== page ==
Tuesday, March 31, 2015

'Mobs riot in West End' - London Poll Tax Riot press coverage 1990

'Mobs riot in West End' (Independent on Sunday, 1 April 1990)

'Central London experienced its worst riot this century yesterday as the biggest demonstration against the poll tax turned to violence. At least 113 people, including 45 police were injured... There were at least 300 arrests.... In the heart of London's West End, cars were overturned and set on fire, dozens of shop windows were smashed and their contents looted' 

'Tonight the anarchists are celebrating "Our Time"(Evening Standard, 2 April 1990)

One of a number of press reports seeking to blame the riots on 'Left wing activists who march beneath the black banner... For more than a decade a small and disparate grouping of punks, misfits, thugs, hardline politicos and animal liberationists have pledged a violent revolution. Under their black flag banners at the weekend they saw themselves firing the first shot'. 'Class War and its Brixton-based counterpart Black Flag' are mentioned the formed linked to squats in 'Hackney and Clapton' ('London's East End is still Class War's heartland'). Much of this is pure invention, such as the claim that rioters on the day carried 'small, easily concealed "mollies" - firebombs'. I don't recall any petrol bombs being thrown on this day.

'£20 if you join Army of Envy' (Today, April 2 1990)

Another ludicrous piece of misinformation - 'Agitators toured pubs offering £20 to anyone willing to join their army of envy'. Considering hundreds of thousands of people had made the effort to travel from all over the country to be there, it was hardly necessary to pay anybody else to join in!  The report itself says that 60 coaches came from Bristol, 40 from South Wales, 30 from Weymouth etc.

'Battle of Trafalgar: Burning with Hate the Fire Bombers Sabotage Symbols of Wealth' (Today, 2 April 1990)

The angle of this piece is that decent theatre goers were terrorised by the 'howling mob' - no doubt some were frightened by the scenes, but the riot did not include attacks on random members of the public. Tourists wandered around in the middle of it. Again there is the myth here of the 'fire bombers' - it is true that a small number of cars were set on fire, but not I believe with petrol bombs. Still the looting and rage against 'symbols of wealth' was real enough: 'the riot against the poll tax turned into open warfare against the wealthy and all the symbols of affluence... Garrards, the royal jewellers, was a favourite target. Thugs wearing punk clothes uprooted bins and hurled them against the windows. West End fashion shops were next in line. Some grabbed £400 suits from gents clothes shops while women dressed in rags robbed other stores'.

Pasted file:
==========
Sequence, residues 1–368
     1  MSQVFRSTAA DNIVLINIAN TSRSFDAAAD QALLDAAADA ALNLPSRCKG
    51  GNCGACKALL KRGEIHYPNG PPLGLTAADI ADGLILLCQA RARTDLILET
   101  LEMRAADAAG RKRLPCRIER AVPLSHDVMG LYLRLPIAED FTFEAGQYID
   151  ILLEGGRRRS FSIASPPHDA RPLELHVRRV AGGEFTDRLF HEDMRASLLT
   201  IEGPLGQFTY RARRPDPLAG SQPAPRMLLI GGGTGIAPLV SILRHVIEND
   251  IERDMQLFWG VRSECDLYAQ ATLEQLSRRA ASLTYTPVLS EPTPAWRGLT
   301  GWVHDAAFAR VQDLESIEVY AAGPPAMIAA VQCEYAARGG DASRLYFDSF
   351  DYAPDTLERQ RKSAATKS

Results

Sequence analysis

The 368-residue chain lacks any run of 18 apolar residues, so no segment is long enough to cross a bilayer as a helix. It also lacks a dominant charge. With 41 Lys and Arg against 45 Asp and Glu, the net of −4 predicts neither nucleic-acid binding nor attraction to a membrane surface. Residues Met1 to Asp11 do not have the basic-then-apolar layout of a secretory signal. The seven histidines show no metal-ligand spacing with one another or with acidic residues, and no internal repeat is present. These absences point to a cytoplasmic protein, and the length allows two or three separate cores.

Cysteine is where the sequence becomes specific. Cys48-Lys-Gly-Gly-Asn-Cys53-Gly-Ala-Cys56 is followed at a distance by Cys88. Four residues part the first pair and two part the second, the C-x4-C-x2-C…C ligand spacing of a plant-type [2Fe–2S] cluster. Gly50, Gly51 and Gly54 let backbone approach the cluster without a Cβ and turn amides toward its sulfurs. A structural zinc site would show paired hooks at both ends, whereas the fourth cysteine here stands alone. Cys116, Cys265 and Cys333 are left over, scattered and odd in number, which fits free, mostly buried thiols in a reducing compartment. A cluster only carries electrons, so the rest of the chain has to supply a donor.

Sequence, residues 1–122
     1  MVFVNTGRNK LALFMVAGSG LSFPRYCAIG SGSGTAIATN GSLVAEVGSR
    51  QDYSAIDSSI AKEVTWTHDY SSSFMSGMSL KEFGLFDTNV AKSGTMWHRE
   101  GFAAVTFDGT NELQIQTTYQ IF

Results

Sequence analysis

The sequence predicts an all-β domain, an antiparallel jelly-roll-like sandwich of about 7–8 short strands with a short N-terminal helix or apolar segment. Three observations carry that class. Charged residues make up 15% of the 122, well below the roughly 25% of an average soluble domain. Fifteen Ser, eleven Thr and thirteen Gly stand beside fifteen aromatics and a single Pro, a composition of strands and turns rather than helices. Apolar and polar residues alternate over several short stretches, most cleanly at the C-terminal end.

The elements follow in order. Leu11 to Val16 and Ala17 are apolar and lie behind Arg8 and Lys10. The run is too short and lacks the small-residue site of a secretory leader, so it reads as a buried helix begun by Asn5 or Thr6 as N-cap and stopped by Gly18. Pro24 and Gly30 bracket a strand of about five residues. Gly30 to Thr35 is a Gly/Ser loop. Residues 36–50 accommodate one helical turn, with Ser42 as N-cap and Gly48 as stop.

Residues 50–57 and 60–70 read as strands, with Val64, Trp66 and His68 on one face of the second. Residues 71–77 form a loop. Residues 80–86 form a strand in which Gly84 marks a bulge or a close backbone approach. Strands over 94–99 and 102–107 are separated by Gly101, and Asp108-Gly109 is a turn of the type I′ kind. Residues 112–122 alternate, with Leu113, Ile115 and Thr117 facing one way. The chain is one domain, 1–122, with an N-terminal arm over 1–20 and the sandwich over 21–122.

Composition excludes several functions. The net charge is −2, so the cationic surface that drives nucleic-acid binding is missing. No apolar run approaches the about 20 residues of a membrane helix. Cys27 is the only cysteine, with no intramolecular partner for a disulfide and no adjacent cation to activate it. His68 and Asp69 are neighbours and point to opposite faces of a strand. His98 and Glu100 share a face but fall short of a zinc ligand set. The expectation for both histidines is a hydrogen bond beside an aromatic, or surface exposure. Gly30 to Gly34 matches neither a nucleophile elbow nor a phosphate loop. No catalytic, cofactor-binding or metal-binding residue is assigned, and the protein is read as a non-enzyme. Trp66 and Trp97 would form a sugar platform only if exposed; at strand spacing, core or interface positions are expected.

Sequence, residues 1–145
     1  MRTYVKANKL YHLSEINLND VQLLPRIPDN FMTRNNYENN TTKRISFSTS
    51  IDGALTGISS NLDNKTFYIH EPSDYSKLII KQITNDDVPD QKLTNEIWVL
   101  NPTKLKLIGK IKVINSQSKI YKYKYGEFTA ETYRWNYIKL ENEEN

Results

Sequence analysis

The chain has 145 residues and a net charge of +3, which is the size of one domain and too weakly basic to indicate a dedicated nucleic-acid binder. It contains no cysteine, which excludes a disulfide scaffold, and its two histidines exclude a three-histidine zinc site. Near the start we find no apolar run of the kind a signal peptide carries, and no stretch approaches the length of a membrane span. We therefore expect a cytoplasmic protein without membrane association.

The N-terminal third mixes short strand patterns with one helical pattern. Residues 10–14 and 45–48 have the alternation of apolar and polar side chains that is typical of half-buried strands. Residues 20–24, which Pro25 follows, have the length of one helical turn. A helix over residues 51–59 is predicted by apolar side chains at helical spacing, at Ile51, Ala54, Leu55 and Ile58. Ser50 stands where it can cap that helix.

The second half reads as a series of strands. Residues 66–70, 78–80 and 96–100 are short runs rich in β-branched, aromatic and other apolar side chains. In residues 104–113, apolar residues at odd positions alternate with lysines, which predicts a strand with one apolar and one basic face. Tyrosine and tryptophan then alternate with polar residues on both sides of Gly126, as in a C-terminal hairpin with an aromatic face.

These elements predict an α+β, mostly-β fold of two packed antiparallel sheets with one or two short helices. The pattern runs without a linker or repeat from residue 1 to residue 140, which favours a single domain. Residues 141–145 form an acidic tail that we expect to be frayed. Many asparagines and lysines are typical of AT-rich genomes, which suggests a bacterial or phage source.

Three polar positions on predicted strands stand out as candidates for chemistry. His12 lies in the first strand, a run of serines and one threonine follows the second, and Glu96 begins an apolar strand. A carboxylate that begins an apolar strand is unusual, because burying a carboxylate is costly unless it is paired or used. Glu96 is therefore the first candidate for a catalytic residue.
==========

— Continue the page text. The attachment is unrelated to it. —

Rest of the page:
The story does include the fantastic line 'The great English public is rioting, sir' reported as being said by a policeman in reply to an American tourist asking what was going on.

Note to clarify (3 April 2015): in the image above I have blurred out the faces, they are clearly shown in the original and indeed I believe that they were all subsequently arrested. The guy with the white t-shirt was jailed and the guy leaning in to the porsche was acquitted in a trial that made headlines because the judge dismissed police evidence as lies (I believe a policeman claimed to have witnessed it but couldn't have done because of his location). I decided to blur the faces because they are still recognisable from these photos today and for work or other reasons might not want people to know about what they may or may not have been up to in 1990.

See also:

1990 Trafalgar Square Memories;
Brixton poll tax demo (Transpontine)